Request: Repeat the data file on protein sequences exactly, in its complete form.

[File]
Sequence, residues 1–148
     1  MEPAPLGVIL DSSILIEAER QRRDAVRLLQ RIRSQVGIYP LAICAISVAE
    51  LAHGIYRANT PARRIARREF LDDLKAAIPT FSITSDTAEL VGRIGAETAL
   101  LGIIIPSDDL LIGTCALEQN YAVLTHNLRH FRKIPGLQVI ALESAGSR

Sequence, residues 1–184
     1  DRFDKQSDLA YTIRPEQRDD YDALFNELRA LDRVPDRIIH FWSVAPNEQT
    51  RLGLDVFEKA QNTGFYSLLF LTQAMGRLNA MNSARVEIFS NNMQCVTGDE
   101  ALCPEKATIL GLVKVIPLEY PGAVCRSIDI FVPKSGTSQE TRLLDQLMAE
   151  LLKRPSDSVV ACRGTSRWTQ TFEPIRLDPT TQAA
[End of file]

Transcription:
Sequence, residues 1–148
     1  MEPAPLGVIL DSSILIEAER QRRDAVRLLQ RIRSQVGIYP LAICAISVAE
    51  LAHGIYRANT PARRIARREF LDDLKAAIPT FSITSDTAEL VGRIGAETAL
   101  LGIIIPSDDL LIGTCALEQN YAVLTHNLRH FRKIPGLQVI ALESAGSR

Sequence, residues 1–184
     1  DRFDKQSDLA YTIRPEQRDD YDALFNELRA LDRVPDRIIH FWSVAPNEQT
    51  RLGLDVFEKA QNTGFYSLLF LTQAMGRLNA MNSARVEIFS NNMQCVTGDE
   101  ALCPEKATIL GLVKVIPLEY PGAVCRSIDI FVPKSGTSQE TRLLDQLMAE
   151  LLKRPSDSVV ACRGTSRWTQ TFEPIRLDPT TQAA